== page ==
“Speed is not only important for production and time but it does actually improve the reliability,” Bentley remarked. “If we can shorten the run, we can get better performance, and all these factors are interrelated and give you a better robustness.”
Illumina has also made “significant improvements to the optical path,” according to Jim Meldrim, a researcher at the Broad Institute, which is an early-access user of the upgrades. Meldrim talked about the improvements during a workshop organized by Illumina at the AGBT meeting.
“This allows for crisper images with higher resolution” as well as better illumination across the tiles on a slide, he said, and thus leads to a better read quality and more aligned reads across the area of the flow cell.
In addition, Illumina has made changes to “some of the more error-prone parts of the system,” Meldrim said, including a filter wheel and a mode scrambler.
Along with the new 4-megapixel camera, Illumina has re-designed its flow cells, which now have wider channels that cover an area approximately 40 percent bigger than the channels of the old flow cells.
As a result, the Broad researchers are obtaining approximately 1.6 gigabases of aligned sequence data from a single fragment run, and 2.3 gigabases of aligned data from a paired-end run, using 36 cycles. After optimizing the cluster density, this output could be increased, Meldrim noted.
Bentley said that Illumina is also working internally on increasing the cluster density and read length, and improving the accuracy through better protocols, reagents, and algorithms.
At the end of March, Illumina will start shipping modules for paired-end sequencing, enabling customers to sequence with insert sizes of 200 to 600 bases. Two-kilobase inserts, which Illumina has used in sequencing the genome of a HapMap individual, are in development.
ABI has been working on a number of improvements for its SOLiD platform, which will be coming online this spring. Like 454’s, these will not be accompanied by changes to the sequencer’s hardware but will instead focus on the sequencing biochemistry and workflow improvements.
In order to improve the emulsion PCR for the system, the company will replace the Emuls-O-Matic, which it currently uses to generate the emulsion, with a smaller device. Within 5 minutes, this device can generate about 10 billion PCR reactors, which produce 200 to 300 million clonally amplified beads, enough for an entire slide, according to Gina Costa, an ABI researcher who presented the improvements at the AGBT conference. This represents a “far more simplistic workflow” than before, she said. The beads generated in this process are also more uniformly amplified than before, reducing imaging time.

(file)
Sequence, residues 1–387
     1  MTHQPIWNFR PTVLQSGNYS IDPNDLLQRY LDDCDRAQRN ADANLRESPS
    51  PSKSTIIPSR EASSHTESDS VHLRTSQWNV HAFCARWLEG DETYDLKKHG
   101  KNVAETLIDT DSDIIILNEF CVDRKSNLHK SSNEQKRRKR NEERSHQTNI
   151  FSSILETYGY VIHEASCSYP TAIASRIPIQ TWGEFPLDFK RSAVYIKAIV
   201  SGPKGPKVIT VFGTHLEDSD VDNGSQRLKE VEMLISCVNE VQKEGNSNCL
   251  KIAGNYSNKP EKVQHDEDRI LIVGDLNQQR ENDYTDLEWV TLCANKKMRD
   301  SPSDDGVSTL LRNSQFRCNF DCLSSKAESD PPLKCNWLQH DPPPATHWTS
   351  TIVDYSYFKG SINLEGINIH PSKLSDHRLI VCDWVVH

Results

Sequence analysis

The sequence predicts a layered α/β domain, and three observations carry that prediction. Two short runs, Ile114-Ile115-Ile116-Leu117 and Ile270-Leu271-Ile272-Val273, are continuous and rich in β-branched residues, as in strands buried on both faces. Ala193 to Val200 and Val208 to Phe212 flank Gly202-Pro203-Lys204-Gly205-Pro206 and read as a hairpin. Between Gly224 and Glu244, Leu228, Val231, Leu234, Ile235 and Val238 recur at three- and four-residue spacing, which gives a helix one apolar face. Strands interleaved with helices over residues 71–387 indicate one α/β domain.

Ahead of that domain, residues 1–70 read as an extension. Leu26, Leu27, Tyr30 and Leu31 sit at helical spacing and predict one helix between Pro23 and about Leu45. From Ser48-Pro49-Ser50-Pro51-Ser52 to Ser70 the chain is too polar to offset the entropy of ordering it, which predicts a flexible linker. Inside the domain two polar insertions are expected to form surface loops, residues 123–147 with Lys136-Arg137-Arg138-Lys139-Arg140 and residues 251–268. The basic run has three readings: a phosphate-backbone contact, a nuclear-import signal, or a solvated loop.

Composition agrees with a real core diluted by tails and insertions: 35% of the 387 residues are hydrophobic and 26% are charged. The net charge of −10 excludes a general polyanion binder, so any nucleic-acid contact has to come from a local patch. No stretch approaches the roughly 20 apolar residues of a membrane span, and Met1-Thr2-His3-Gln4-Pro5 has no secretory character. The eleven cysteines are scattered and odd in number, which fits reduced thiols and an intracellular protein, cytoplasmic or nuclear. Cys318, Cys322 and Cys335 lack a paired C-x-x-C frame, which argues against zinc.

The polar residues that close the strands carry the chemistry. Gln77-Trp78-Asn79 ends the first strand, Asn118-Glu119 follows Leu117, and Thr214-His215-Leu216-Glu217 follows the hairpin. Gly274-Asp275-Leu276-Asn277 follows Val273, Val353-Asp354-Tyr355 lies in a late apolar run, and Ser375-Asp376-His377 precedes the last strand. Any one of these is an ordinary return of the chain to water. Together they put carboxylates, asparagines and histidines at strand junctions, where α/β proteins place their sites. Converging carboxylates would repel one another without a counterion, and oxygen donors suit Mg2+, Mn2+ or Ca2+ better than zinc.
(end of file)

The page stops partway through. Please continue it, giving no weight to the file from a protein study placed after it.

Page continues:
ABI will also improve the system’s accuracy and speed by making changes to the biochemistry. Currently, the company uses two sets of probes, one that is aimed at the fourth and fifth base in the sequence, and another one that interrogates the first and second base. In the future, scientists will only use the second set because it is more efficient to interrogate at those positions and because this increases the fidelity and shortens the time of the ligation reaction, Costa explained.
Testing the new biochemistry on three different genomes with different GC content, company researchers found that errors declined by 30 percent compared to the old biochemistry that used both probe sets.
The new emulsion maker, combined with an optimized emPCR protocol, also results in beads loaded with more template than before. This has enabled the company to reduce the cycle time and the overall run time. Runs now take only 4.5 days instead of 8.5 days for a fragment library, and 8 days instead of 12 to15 days for a mate-pair library.
The improved bead loading has also enabled the researchers to increase the number of cycles per run, and thus the read length and output per run.
In a collaborative project, ABI has achieved 50-base reads with high signal quality, according to Costa.
ABI has also developed a new protocol for generating paired-end libraries that allows researchers to sequence tags between 50 and 75 bases in length from each side, instead of 25 to 27 bases. “It gives a lot more power and more linkage to the mate pair libraries that you are generating,” Costa said. The length of the paired-end library fragments generated by this method is currently limited to 250 bases, she said. ABI has already used the new approach to sequence 3-kilobase libraries from a human genome.
Kevin McKernan, ABI’s senior director for scientific operations for high throughput discovery, reported at the meeting that ABI has generated 9 gigabases of data internally in a single paired-end run.
According to Costa, ABI has also optimized procedures for pooled amplicon sequencing, for example for long-range PCR sequencing projects, in order to prevent end bias.
Finally, ABI is testing 16 barcodes for the system that will be included in one of the library adaptors. “They are primed from a second primer, much like our mate pairs, so tag length will not be impacted from the incorporation of a barcode,” McKernan told In Sequence by e-mail.